Everyone has some kind of code that they live by. Everyone operates out of self-interest. We're taught early on that being nice to people means they'll be nice back -- and that respecting others means they'll respect you. We're taught that you can live a more fulfilling life if you are a better person. How is that not self-interest?


    *defined in this case as a person who doesn't think about religion and/or the afterlife all that much in their everyday life decisions
    I went through a heavy cynical phase, where I surprisingly learned that no matter how much I wanted to believe everyone was essentially self-interested, people do have a natural altruistic streak. I don't believe this is a learned behavior. We are herd animals, we instinctively help others... as long as we think they are in our herd. In a way this is self-interest, but it's rooted beyond our training, beyond our conscious, or even the shallow end of our sub-conscious thought processes.

  5. #75
    this is my winter song EJCC's Avatar
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    Quote Originally Posted by Qlip View Post
    I went through a heavy cynical phase, where I surprisingly learned that no matter how much I wanted to believe everyone was essentially self-interested, people do have a natural altruistic streak. I don't believe this is a learned behavior. We are herd animals, we instinctively help others... as long as we think they are in our herd. In a way this is self-interest, but it's rooted beyond our training, beyond our conscious, or even the shallow end of our sub-conscious thought processes.
    I agree with this. It's an elegant way of putting it -- including self-interest, community-orientation, "othering" people who aren't a part of the community or would presumably do harm to the community, and the selectiveness of our altruism.
    ~ g e t f e s t i v e ! ~


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  6. #76
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    Quote Originally Posted by Qlip View Post
    I went through a heavy cynical phase, where I surprisingly learned that no matter how much I wanted to believe everyone was essentially self-interested, people do have a natural altruistic streak. I don't believe this is a learned behavior. We are herd animals, we instinctively help others... as long as we think they are in our herd. In a way this is self-interest, but it's rooted beyond our training, beyond our conscious, or even the shallow end of our sub-conscious thought processes.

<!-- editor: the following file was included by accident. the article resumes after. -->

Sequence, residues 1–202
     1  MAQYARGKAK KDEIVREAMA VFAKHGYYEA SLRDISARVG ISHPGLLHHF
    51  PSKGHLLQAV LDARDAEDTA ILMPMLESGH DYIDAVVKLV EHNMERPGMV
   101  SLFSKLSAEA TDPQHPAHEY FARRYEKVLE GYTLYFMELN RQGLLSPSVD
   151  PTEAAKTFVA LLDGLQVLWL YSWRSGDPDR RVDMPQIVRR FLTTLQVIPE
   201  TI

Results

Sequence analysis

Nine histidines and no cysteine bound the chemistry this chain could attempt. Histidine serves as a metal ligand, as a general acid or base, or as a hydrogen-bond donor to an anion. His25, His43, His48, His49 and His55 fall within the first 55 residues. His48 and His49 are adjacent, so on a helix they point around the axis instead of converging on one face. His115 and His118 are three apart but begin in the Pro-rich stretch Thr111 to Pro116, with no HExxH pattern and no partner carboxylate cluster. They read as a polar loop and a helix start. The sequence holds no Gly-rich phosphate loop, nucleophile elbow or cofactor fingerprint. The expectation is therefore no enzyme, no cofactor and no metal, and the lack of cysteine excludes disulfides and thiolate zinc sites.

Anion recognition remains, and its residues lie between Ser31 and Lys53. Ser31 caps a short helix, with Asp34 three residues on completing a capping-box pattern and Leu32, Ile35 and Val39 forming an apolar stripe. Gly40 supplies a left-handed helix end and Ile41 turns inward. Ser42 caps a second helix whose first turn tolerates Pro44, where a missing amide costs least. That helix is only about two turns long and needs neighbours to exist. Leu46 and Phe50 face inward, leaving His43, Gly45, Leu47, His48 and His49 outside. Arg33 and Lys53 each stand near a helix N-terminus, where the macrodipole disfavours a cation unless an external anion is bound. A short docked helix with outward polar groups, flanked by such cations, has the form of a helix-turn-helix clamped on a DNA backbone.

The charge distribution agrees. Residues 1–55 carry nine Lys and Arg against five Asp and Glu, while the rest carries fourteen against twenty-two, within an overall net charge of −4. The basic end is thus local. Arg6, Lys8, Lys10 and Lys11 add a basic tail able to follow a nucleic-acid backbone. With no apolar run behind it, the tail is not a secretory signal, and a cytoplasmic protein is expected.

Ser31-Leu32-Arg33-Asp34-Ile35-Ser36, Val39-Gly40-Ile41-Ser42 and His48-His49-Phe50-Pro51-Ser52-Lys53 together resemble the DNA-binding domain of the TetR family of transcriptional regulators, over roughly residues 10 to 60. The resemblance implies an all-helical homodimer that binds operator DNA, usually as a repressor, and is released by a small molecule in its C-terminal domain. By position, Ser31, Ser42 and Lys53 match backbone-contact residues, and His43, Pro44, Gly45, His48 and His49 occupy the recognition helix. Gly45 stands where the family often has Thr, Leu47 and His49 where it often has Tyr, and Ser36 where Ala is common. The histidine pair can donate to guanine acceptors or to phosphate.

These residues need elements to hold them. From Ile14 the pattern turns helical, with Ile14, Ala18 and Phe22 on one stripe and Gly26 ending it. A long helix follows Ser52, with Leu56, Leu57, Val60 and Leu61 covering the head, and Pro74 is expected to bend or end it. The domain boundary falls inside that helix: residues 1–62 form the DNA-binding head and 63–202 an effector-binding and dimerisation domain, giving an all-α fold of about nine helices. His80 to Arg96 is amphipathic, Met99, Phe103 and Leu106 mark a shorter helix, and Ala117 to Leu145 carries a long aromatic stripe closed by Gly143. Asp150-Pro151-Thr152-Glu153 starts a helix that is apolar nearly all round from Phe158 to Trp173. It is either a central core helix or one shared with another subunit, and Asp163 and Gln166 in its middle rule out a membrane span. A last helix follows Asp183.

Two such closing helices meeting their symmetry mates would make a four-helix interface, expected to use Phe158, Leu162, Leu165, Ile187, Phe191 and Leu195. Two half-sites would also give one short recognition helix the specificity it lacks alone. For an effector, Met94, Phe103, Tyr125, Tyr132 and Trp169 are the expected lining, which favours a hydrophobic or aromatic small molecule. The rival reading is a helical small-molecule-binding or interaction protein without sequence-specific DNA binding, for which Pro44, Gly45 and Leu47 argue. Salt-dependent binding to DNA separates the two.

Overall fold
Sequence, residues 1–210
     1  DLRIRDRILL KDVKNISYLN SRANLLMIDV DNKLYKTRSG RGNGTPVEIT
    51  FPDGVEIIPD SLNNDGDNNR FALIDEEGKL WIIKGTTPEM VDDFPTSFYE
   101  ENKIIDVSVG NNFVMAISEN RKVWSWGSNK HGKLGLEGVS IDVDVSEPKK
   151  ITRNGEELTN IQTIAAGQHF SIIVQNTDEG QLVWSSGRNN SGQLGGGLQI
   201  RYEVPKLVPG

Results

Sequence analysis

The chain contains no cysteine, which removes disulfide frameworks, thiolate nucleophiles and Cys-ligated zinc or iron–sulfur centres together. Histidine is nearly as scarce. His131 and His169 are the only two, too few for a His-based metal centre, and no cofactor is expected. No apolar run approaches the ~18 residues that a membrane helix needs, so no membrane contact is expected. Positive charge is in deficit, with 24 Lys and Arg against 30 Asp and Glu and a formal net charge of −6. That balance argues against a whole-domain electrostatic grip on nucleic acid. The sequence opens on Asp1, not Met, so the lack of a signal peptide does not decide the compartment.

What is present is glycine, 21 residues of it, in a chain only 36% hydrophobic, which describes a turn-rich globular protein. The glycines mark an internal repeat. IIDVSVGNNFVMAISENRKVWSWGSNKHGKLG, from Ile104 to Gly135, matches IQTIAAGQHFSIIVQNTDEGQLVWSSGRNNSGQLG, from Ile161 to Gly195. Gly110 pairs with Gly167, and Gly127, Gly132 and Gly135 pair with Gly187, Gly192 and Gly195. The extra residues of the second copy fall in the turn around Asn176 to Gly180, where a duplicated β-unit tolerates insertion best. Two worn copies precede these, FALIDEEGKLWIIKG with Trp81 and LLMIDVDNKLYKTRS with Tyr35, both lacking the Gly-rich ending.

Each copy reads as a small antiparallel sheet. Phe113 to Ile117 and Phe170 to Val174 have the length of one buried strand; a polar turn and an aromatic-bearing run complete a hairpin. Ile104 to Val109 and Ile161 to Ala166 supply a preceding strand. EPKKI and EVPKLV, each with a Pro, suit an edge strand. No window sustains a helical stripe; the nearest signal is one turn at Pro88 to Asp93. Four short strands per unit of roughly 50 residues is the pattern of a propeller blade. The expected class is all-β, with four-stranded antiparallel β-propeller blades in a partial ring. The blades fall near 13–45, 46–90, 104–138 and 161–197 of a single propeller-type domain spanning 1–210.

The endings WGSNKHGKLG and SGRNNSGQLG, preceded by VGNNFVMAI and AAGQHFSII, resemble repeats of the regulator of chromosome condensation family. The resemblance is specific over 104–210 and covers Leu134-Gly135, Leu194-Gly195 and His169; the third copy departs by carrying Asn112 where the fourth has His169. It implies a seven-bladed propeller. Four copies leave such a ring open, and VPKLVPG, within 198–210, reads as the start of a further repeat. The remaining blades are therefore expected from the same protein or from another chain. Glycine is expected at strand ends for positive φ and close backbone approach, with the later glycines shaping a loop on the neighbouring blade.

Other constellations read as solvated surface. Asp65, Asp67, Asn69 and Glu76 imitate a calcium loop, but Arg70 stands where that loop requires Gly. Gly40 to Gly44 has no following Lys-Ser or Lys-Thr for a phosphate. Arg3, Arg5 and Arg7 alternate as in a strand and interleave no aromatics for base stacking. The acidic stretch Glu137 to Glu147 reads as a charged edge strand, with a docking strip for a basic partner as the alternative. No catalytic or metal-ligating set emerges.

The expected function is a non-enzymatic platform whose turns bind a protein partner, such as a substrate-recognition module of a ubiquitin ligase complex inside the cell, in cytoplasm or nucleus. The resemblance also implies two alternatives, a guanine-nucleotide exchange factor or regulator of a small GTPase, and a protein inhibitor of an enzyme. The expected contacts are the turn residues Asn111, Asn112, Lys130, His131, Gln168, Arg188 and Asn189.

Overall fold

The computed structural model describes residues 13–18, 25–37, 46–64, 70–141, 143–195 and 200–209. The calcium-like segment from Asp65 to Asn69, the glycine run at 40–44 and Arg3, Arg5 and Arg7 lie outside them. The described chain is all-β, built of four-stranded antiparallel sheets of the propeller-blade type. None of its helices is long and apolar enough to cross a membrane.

Yes - In fact mathematical models (often used in evolutionary psychology) have repeatedly shown that "tribes" simulating ultruism fared better then tribes that did not - the later where statistically inclined to perish.





    Quote Originally Posted by PeaceBaby View Post
    I feel like we're cutting smaller and smaller slices of the same pie.

    My intention was a thought exercise in better understanding self-awareness, I failed to predict the ease at which my first example came across as religious bashing (In hindsight quite foolishly on my part ). The payment example helps focus the question closer to my original intent (Despite not really having a substantial real life equivalent).


    Quote Originally Posted by Jennifer View Post
    My answer to this:


    1. Yes, you CAN still act out of goodwill, internally. It's all about your motivations.


    2a. No external viewer will be able to tell the difference between compliance and good will.
    2b. In addition, since you're being pressured to comply, you yourself might not be sure of your own motivations until you finally act in a vacuum, possessing a reasonable amount of freedom.
    So we're back in step 1: It is possible but inherently unknowable.